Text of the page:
During the last five years the National Library of Sweden (KB) has been running a project to prepare the Swedish library sector for the use of Dewey Decimal Classification, DDC. Now the final report of this project has arrived, and it is an interesting read.
The overall aim of the ”Swedish Dewey Project” was to develop the tools to make it possible for libraries in Sweden to introduce DDC. The decision to actually do has, however, been left to each library. As of today, some 30 libraries has left the Swedish SAB-system and introduced DDC in their classification practice and/or shelving. Almost all of them are research libraries, only two public libraries have yet taken the step.
The reasons for the proposed transformation of Swedish classification practice has been threefold: the international character of bibliographic practice, rationalisation – to reduce double classification in parallel systems, and increased quality in classification practice. The argumentation is simple, but relevant: most of the literature in research libraries are already classified in DDC when bought; the DDC is the the most widely spread classification system in the world, today used in more than 135 countries and translated into some 30 languages; it is well kept and frequently updated.
The change to DDC is singularly the most significant change in Swedish library life during the last century, at least if we look at collection manangement and the organization of stock. We know from experience that such changes are not easy to accomplish, nor is it easy to make everyone happy. When KB decided in 2008 to change into DDC, there was a lot of uncertainty regarding the aim and consequences of this decision. The public libraries in particular, felt left in a situation that they neither had asked for, nor knew how to handle – the need for DDC was expressed exclusively from primarily large research libraries. Reading the now published report has really nothing to add to this uncertainty – are the public libraries expected to use DDC or not? However, that is not a question to be answered in this report.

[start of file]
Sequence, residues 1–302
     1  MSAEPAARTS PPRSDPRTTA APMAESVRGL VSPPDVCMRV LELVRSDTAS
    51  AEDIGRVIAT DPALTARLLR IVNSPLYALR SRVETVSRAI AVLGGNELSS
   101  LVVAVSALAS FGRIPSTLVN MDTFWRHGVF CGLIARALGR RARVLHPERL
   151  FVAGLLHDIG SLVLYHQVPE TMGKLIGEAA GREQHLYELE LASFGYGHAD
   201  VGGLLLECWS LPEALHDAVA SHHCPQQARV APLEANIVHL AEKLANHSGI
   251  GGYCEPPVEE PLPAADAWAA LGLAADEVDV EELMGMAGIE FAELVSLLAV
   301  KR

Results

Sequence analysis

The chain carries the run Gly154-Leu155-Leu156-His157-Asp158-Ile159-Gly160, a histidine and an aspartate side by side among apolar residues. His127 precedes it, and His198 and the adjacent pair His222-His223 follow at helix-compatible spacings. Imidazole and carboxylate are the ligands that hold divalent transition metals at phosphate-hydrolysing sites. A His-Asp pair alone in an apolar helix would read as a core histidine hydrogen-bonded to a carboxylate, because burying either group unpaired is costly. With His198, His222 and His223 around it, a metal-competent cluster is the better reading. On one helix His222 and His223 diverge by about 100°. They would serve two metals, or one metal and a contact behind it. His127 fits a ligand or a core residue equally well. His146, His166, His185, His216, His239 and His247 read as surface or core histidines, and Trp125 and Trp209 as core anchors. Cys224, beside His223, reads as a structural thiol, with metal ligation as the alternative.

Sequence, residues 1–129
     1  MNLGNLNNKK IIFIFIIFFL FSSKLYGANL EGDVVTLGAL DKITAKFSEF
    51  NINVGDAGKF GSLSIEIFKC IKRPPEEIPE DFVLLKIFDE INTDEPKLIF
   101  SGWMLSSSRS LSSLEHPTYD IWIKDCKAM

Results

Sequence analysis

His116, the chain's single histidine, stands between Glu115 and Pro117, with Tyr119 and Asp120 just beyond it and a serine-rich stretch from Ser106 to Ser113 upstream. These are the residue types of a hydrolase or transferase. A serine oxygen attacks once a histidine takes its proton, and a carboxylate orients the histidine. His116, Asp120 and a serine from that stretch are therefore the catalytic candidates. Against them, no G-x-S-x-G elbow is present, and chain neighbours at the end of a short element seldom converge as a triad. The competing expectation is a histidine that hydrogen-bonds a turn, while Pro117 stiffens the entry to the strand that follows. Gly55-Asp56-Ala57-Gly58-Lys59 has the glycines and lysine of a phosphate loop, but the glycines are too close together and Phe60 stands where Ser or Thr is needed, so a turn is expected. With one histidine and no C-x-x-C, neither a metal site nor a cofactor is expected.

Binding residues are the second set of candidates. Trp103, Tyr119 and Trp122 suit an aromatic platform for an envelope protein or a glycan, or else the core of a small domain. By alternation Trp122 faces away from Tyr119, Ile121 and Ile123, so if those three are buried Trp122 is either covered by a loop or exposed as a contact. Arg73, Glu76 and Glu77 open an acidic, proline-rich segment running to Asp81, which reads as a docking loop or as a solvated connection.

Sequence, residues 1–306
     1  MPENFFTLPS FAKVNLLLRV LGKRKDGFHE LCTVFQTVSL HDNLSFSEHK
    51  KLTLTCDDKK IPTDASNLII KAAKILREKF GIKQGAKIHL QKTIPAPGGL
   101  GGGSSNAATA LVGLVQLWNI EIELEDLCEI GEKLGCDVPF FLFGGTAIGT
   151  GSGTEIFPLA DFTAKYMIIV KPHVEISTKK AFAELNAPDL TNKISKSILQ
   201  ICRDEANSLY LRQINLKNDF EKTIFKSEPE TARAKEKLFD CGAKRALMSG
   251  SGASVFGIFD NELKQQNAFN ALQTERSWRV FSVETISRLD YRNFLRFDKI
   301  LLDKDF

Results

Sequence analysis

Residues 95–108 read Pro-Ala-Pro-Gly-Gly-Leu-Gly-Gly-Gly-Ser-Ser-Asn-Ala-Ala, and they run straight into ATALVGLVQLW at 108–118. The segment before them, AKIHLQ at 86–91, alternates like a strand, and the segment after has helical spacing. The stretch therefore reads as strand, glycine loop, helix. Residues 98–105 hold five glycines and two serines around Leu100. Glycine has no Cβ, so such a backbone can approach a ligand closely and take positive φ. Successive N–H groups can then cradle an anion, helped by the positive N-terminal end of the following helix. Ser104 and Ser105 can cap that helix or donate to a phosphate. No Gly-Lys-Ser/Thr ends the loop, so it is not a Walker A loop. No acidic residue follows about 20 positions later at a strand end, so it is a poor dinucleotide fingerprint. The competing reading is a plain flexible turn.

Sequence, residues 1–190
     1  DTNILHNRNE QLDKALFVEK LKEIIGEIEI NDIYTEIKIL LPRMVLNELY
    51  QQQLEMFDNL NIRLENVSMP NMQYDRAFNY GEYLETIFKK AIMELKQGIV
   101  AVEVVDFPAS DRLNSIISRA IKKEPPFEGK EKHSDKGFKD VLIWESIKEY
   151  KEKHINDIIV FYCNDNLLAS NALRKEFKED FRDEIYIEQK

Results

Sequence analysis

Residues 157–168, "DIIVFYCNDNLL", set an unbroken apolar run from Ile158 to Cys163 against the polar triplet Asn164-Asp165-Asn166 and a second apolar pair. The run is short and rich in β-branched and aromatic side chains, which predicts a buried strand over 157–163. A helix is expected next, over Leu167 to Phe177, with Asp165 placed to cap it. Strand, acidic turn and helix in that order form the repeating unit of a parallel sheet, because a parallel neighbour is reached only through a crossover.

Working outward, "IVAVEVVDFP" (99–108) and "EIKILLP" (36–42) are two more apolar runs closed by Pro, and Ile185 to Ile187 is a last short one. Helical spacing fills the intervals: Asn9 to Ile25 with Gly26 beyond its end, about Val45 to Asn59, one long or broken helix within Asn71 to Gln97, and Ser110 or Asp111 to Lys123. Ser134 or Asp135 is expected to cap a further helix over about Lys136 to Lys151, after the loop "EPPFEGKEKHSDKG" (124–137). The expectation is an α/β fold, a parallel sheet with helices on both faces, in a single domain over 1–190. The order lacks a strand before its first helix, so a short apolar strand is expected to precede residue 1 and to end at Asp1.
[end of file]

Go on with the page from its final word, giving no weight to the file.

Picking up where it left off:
The project can be said to have focussed on two primary targets – (1) translation into a Swedish version of DDC, and the development of system requirements for it to work in a Swedish environment, and (2) education of librarians. On both these issues, the project seems to have been rather successful. The problems described concerning translation and conversion of codes appear quite forseeable, and the educational efforts have been constructed in a dialogue with both the library sector and representatives from the Library and Information Science educational departments. One practical detail which should not be undersestimated is the translation of the textbook Dewey Decimal Classification: Principles and Application by Lois Mai Chan and Joan S. Mitchell – this book is now being used in the basic training in classification i Swedish LIS educations, preparing new librarians in DDC from the very start of their professional life.
One thing that is worth noting in the felt shortcomings of the project is how they mostly seem to come from lack of resourses and short sighted planning horizons from the National Library. Parts of the project simply seem to have been carried through in spite of, and not because of, the National Library Management. For that, huge credit must be given to Magdalena Svanberg and her colleagues who have lead the project through to its end with admirable dedication, determination and skill.
Now that the final report of the Swdish Dewey Project is ready, we can see that it also triggers questions. What now? Will KB strategically uphold the development of the Swedish DDC? Will further initiatives be taken to argue for the benefits of DDC to an evidently reluctant public library sector? Are there any such benefits?
The final report of the Swedish Dewey Project is here, (in Swedish).
The picture below is a snapshot taken as I was given the opportunity to welcome Magdalena Svanberg to the LIS department at Linnaeus University in march 2011 for a lecture and discussion, as part of the educational programme of the Swedish Dewey Project - an occasion much appreciated by our students.
Joacim Hansson, LNU and Magdalena Svanberg, KB